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  3. ๐ŸŽฌ ๐Ÿ“ Internal And External Torque

๐ŸŽฌ ๐Ÿ“ Internal And External Torque

I often see that people have trouble making a distinction between internal/external rotation and internal/external torque (IT/ET). Torque refers to tension and internal/external refers to how that tension is created. For example when you are screwing your feet into the ground by โ€œsplittingโ€ the floor with your heels aiming to get closer to each other while your big toes aim to move away from each other (without actually moving) you are creating external torque. When you do this you will notice the torque, the tension starts at the hips. You will feel the outside of your hamstrings engage, all the way to your Glute Med and even Lumbar Erectors. Now can you create external torque while your knees are close to each other other, or even in a Valgus knees position? Absolutely. It might not be the most efficient position to create external torque but it is absolutely feasible. The same goes for internal torque: split the floor with your heels aiming to move away from each other (without actually moving). You will feel the inside head of your hamstrings firing. It might be a bit difficult at first to feel that inside head fully contract as most people have often undertrained that particular muscle group but youโ€™ll get there eventually.

That is the fundamental difference between rotation and torque. Rotation is just joint positioning and is inherently different for everybody on any exercise (femur length, etc). It is a What, a method, part of Supervised Learning. In any joint position you can create internal or external torque. Torque is a How. It defines which tension you are creating and ultimately it is what matters most. It will define movement patterns (correct or incorrect), explosiveness to isometric, all the way to the Nervous Systems.

Engaging Internal Torque Chain

Movement: External Oblique Opener

Why do we do the movement?

The external oblique opener is for increasing mobility in internal torque in the main arch. Engagement is established for creating internal torque awareness in the Transverse Abdominus, Obliques (Internal and External), Lower Abdominals, Pec Major, Deltoid (Front) and Bicep (Short Head).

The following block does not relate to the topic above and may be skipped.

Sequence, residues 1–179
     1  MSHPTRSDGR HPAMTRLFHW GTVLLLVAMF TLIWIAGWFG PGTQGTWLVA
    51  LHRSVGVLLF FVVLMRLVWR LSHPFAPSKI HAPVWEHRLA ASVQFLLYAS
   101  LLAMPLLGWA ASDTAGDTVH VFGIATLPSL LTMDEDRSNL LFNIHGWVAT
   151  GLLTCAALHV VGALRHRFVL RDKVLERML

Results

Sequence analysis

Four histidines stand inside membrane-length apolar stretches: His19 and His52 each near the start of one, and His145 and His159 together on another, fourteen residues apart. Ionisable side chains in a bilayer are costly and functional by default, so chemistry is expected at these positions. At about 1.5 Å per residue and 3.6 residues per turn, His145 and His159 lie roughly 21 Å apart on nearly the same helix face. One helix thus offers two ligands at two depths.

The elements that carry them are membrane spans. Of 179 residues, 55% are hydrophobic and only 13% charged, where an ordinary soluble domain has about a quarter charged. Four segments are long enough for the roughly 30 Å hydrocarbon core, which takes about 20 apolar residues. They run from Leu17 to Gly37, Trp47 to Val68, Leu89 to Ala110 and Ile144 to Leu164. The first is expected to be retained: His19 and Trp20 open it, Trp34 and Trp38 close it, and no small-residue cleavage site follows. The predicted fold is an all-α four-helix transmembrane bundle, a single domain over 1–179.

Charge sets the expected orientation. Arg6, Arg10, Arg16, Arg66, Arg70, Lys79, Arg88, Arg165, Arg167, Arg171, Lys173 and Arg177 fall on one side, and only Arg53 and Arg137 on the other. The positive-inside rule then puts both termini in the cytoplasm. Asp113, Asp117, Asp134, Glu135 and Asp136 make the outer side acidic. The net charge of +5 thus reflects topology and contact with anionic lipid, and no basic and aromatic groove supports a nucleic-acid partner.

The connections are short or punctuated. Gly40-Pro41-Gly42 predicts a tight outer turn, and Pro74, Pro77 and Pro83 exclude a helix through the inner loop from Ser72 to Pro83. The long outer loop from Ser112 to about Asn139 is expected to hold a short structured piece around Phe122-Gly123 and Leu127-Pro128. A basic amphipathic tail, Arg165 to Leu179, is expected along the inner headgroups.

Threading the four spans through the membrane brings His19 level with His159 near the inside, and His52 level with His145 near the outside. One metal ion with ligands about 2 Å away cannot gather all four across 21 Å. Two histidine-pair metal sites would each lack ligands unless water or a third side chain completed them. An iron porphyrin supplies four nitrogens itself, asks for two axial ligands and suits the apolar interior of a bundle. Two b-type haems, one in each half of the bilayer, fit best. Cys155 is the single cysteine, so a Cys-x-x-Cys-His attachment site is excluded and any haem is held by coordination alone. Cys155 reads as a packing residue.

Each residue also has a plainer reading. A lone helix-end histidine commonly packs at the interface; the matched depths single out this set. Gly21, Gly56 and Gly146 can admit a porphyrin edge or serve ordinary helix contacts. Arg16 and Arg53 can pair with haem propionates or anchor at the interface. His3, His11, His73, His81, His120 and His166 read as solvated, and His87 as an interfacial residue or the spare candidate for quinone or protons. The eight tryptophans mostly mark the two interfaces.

Remember, mobility is range of motion while maintaining proper torque. The point here is to work on mobility in internal torque and NOT external torque. We want the athlete to know how to distinguish between internal and external torque chains.

Awareness: Internal Torque Chain

Main Focus is to establish awareness in the Main Arch (Main Arch)

Anterior Chain

  • Obliques (internal and external)
  • Transverse Abdominus
  • Lower Abdominals

Posterior Chain

  • Gluteus Maximus
  • Infraspinatus
  • Spinal Erectors

Coaching and setup/position

  • Lay on back on the floor
  • Lumbar against the floor (no arching of lower back)
  • Entire body spread out on the floor with feet together
  • Kettle bell placed below the naval.
  • Rib Cage tucked towards pelvis.
  • Hands on the handles of the Kettlebell with open hands pressing inward.
  • Inhale and expand lower abdominals allowing your stomach to press outward against the kettlebell.

Execution

  • Expand lower abdominals until kettlebell raises.
  • Establish awareness in the Obliques (Internal and external), Transverse Obliques and Lower Abdominals.
  • Keep constant tension through transverse abdominals, obliques and lower abdominals.

Mobility

In order to have true mobility, these muscles must have constant tension through range of motion and position.

Breathing Pattern

  • Inhale thru nose
  • Exhale thru mouth

We are looking for a constant flow of breathing while maintaining mobility (tension through the entire range of motion).

What’s the Feeling?

The athlete should feel lower abdominals raise and constant tension throughout lower abdominals. The athlete should feel tremendous pressure created within the abdominals.

Things to watch for as an athlete and coach?

Expansion of the rib cage, displacement of tension from obliques to rectus abdominus Irregular breathing. Not maintaining the main arch throughout the movement.

Credit: Tyler Reiter

Updated on March 17, 2020

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